Asia Economy

Asia look ahead: Big week for Japan and China

What's on the agenda in Asia this week

Investors will get a pulse check on Asia's two largest economies, Japan and China, with a raft of data scheduled for release over the course of the week.

Starting with Japan, revised gross domestic product (GDP) on Monday showed the economy grew an annualized 3.9 percent in the January-March period, higher than the preliminary reading of a 2.4 percent increase.

The country's current account balance posted its tenth straight month of surplus in April at 1.3 trillion yen ($10.5 billion), but that was lower than Reuters forecasts for a 1.7 trillion yen surplus.

Meanwhile, machinery orders – a highly volatile data series - are due on Wednesday and are estimated to have fallen by 2 percent on-month in April, according to Reuters, following a 2.9 percent rise in March.

Read MoreWhy one strong quarter won't save Japan's year

China data dump

China will publish a raft of economic indicators for May, including trade balance on Monday, inflation on Tuesday, retail sales, industrial production, and fixed asset investment on Thursday.

"A very big week for Chinese data which will provide further guidance on the pace of economic activity," National Australia Bank (NAB) wrote in a note.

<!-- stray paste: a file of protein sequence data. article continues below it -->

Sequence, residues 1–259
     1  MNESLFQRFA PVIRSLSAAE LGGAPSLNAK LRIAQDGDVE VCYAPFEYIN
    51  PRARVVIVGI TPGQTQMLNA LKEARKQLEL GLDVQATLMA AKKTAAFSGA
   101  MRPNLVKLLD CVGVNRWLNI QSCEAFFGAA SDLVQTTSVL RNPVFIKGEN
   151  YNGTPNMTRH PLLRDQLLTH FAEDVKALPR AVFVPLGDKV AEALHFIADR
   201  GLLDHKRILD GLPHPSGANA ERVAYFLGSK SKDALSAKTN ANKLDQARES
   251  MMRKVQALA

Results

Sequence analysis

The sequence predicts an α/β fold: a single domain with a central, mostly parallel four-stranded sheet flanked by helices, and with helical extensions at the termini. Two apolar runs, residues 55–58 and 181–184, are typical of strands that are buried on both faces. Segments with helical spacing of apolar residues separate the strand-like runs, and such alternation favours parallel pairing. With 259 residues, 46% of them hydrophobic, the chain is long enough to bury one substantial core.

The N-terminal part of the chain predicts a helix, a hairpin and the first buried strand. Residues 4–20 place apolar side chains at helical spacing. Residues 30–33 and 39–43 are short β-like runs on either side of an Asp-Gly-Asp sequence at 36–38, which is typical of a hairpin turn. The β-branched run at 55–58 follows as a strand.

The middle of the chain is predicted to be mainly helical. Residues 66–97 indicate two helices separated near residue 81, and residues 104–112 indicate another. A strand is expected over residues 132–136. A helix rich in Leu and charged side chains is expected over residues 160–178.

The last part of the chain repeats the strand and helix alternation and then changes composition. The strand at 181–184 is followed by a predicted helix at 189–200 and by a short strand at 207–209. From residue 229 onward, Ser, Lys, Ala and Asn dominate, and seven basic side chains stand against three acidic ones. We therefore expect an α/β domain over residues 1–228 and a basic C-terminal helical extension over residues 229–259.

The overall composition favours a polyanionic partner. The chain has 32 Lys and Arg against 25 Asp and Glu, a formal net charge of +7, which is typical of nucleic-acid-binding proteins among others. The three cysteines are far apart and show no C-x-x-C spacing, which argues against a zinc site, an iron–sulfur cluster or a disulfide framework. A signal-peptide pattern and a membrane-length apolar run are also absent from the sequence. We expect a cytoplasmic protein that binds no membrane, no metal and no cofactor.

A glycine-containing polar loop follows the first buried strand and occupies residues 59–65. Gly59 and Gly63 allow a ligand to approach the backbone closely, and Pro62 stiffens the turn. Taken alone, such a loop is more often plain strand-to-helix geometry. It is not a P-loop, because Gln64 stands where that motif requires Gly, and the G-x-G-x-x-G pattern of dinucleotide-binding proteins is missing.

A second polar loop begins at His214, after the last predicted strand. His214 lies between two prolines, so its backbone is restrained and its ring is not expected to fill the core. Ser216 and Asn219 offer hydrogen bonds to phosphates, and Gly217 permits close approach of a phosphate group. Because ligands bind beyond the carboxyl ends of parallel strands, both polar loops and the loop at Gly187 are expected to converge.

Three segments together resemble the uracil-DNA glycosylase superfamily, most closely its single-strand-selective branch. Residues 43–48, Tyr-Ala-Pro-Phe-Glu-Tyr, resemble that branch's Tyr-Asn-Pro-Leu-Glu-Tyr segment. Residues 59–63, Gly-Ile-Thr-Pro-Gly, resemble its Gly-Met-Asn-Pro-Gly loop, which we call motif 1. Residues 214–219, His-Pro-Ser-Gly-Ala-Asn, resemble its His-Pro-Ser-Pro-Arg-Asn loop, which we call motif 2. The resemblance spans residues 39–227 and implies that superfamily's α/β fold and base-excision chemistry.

Trade figures are expected to show exports falling 5 percent on year and imports plunging 10.7 percent on year, according to a Reuters poll.

Sunrise over the financial district in Shanghai, China.
Jalvaran | Getty Images

Central banks in the spotlight

Asia-Pacific central banks will also be in focus, with the Bank of Thailand (BoT), Bank of Korea (BoK) and Reserve Bank of New Zealand (RBNZ) meeting this week.

The BoT, which convenes on Wednesday, is expected to keep rates on hold at its monetary policy meeting after cutting rates twice in the last two meetings.

"The BoT will likely stay pat and wait to see if the rate cuts lift the economy," Moody's Analytics said.

It will also be a "wait and see" game for the BoK and RBNZ, both of which meet on Thursday.

In Korea, while softer export demand is hurting the economy, domestic demand has shown some signs of growth after March's rate cut. The central bank will want to monitor how this dynamic plays out, say economists.

In New Zealand, the central bank is expected to keep monetary policy steady, as preconditions outlined by the RBNZ at its April meeting for easing – including weak demand or wages that are inconsistent with the 1-3 percent inflation target – have not been met, said NAB.